Operating expenses are short-term expenses where the benefits are enjoyed in the same period as the expense are incurred.Capital expenses involve obtaining the major productive asset:  a company will pay a substantial amount today to obtain the equipment, technology or other resource and will use this asset as part of the production process over several years. Capital Budgeting Process is a formal way for managers to guide their capital expenditure decisions. This process consists of six steps or phases.Net Present Value (NPV):A dollar measure of the impact of a project on the company’s wealth.  It uses the opportunity cost to bring all of the project’s incremental cash flows back to the present and then compares inflows to outflows to see if the project is acceptable.Internal Rate of Return (IRR):  The rate of return earned on a project.  To make a decision managers must compare the IRR to the opportunity cost.  They should only accept the project if it earns (IRR) more than should be expected (RRR) given other projects of equivalent risk. Profitability Index (PI):A ratio that calculates the relative wealth created per dollar invested.  It uses the same inputs–present values of inflows and present value of outflows–used for NPV but shows managers the relative wealth created rather than the total wealth created.  This specialized, relative measure has some specialized applications.  Payback calculates the amount of time it takes for a project to “payback” its initial investment.  The shorter the payback period the quicker the company gets its initial investment back and begins to see a profit.  Managers set the maximum payback period they will accept.  Projects with payback periods shorter than this maximum will be acceptable; projects exceeding this project will be rejected. average accounting return is the rate of return earned on a project. It is calculated by comparing the average net income earned by a project to the cost of the project, measured by the average book value. In a way similar to Payback, managers will set a minimum AAR.  If the project earns more than this specified rate, it is accepted.  If the ARR is less, the project will be rejected.  While useful for some purposes the AAR is not based on future cash flows, and does not use the opportunity cost.  It is thus of limited use in making decisions about the future Economically independent projects are ones where making one choice is independent of other choices.  Managers can accept all projects that are wealth-increasing.Mutually exclusive projects are projects where choosing one project precludes the adoption of other projects.  Managers must rank these projects by some criteria and select the best project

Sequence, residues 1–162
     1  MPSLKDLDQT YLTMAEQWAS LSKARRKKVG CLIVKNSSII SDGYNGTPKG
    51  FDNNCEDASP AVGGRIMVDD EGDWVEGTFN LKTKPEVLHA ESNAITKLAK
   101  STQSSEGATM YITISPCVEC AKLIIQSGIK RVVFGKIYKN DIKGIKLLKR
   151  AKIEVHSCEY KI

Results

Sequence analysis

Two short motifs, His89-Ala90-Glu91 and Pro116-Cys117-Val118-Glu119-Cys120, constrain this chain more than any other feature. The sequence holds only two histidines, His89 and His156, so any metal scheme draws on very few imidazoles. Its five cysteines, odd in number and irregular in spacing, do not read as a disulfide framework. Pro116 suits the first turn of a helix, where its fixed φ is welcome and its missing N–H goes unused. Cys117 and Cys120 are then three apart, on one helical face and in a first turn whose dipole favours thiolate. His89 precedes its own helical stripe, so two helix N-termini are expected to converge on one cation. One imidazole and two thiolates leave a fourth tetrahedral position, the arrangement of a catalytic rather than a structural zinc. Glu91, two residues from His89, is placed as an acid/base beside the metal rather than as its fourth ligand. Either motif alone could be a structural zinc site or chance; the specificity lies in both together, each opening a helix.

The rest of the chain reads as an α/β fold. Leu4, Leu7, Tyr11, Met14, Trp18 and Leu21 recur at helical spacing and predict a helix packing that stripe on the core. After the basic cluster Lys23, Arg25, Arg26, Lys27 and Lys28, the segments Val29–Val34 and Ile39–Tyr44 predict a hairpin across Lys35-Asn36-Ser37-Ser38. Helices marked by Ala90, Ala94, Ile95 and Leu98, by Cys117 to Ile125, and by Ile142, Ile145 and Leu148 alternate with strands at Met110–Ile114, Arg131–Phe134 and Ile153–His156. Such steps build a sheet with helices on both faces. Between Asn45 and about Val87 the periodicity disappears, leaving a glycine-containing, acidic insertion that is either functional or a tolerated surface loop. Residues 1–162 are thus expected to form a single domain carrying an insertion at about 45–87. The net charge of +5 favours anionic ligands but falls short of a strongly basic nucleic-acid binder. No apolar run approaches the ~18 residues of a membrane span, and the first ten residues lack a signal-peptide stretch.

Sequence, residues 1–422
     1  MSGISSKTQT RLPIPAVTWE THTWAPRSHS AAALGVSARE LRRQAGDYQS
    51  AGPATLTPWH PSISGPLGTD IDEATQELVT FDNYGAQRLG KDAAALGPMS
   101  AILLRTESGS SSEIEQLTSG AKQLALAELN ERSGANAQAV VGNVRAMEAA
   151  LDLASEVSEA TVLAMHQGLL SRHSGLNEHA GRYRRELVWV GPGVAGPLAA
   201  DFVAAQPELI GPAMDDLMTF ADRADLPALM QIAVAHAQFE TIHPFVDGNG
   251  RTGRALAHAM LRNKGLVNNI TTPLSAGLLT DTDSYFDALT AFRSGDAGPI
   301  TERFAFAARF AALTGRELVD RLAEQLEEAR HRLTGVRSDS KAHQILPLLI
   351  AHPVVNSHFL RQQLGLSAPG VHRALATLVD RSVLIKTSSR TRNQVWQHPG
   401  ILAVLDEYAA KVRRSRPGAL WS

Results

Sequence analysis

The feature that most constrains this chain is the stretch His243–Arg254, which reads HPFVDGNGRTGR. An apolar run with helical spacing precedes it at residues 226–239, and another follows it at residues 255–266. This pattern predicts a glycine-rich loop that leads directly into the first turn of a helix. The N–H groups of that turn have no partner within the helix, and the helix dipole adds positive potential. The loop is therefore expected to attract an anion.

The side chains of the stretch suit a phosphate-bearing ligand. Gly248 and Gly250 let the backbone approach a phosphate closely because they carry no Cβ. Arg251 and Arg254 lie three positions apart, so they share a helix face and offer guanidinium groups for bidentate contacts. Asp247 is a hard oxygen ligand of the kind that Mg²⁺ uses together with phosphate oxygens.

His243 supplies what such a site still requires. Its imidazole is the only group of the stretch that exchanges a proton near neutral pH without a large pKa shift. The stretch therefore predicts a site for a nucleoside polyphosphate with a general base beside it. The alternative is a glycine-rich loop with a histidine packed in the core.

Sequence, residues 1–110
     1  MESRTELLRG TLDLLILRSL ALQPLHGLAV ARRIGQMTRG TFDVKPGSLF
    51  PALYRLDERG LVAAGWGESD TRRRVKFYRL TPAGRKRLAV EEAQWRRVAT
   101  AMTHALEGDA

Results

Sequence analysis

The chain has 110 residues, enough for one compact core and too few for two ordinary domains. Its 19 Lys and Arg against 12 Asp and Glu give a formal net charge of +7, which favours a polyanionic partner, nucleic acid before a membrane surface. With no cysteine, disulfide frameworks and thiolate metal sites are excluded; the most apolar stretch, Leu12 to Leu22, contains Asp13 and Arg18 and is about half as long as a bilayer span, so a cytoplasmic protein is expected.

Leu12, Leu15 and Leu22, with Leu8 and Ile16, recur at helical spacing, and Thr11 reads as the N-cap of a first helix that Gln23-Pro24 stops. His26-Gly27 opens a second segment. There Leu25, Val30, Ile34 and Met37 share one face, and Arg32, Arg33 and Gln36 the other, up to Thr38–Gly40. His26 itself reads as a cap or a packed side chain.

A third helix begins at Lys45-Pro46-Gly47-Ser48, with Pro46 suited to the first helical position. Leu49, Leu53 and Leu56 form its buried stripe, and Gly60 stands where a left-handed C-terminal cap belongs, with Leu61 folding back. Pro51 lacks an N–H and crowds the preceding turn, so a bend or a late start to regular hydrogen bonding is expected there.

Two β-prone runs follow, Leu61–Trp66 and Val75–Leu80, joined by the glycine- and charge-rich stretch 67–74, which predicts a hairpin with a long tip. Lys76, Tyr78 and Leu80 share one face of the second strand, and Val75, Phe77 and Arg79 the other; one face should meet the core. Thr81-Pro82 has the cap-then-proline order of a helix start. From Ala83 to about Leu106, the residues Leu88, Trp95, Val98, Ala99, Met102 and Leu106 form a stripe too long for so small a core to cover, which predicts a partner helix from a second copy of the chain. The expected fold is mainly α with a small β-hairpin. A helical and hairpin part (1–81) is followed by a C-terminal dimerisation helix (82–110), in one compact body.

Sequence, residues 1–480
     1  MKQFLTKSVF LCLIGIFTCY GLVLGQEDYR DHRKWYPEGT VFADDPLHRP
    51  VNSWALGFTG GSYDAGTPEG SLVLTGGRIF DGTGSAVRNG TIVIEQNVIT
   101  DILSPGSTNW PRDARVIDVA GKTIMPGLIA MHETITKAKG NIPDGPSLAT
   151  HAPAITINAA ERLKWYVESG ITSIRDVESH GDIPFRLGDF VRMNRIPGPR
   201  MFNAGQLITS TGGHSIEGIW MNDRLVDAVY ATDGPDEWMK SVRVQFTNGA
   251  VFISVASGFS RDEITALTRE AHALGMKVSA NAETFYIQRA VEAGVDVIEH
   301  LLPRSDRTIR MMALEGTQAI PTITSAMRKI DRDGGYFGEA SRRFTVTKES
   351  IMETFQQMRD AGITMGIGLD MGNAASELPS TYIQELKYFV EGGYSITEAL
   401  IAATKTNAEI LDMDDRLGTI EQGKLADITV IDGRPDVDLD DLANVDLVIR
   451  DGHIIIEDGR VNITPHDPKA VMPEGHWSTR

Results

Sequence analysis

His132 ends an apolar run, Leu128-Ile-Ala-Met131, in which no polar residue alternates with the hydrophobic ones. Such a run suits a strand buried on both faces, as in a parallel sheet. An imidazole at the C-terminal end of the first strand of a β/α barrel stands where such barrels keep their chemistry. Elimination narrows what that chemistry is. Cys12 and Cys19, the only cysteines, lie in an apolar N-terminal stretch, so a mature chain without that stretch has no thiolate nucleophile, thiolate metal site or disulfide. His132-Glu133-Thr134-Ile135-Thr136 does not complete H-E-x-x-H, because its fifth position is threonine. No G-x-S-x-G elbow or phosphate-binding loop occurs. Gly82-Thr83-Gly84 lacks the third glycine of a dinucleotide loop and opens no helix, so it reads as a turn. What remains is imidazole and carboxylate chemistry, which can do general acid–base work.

.Capital rationing: The case where funds are limited to a fixed dollar amount and must be allocated among competing projects.  Managers need a method of ranking projects, or portfolio of projects, by their desirability and selecting the higher-ranked projects until their funds are fully committed.Soft rationing: Limits on investments are made by managers for better control of the firm.Hard rationing: Funds are not available and managers must choose the best set of projects given their capital constraints.Divisible projects: A company may take on a portion of a project and get proportional benefits from the project.Indivisible projects:  A company may adopt a project in its entirety or not, but cannot take a portion of a project Incremental Cash Flows After Taxes (ICFAT) are the periodic cash outflows and inflows that occur if, and only if, an investment project is accepted.  Incremental cash flow focuses on the project, not the company as a whole.Economic interdependencies:  Adopting a project would change the cash flows in other parts of the company.Synergy:  The positive effect where adopting the project would increase the cash flows from existing operations.Erosion:  The negative effect where adopting the project would decrease the cash flows from existing operations.Sunk costs:  Costs that have already been incurred.  As such they would not be affected by the capital budgeting decision and are thus not incremental cash flows.Revenue enhancing project  These projects introduce a new product, improve an existing product, or involve other aspects to increase sales, such as a major marketing campaign.Cost reduction project These projects focus on reducing costs.  Outsourcing of business functions or production, improving supply chains, employing machine learning lead to lower costs and thus higher income.Corporate Social Responsibility project The ExxonMobil project is an example of corporations contributing to society.  While the corporation’s function in society is to efficiently produce goods and services, corporations are expected to be good citizens.  These projects do help society, and also enhance the reputation of the company.Regulatory requirements project Governments regulate economic activity to protect society from harmful effects.  The most cost-effective way to handle toxic waste from a production process is to dump it into Lake Lady Bird.   These projects are undertaken because they are required.  Free cash flow (FCF)/Cash flow from assets:  The amount of cash generated by a company that is available to distribute to the firm’s creditors and owners.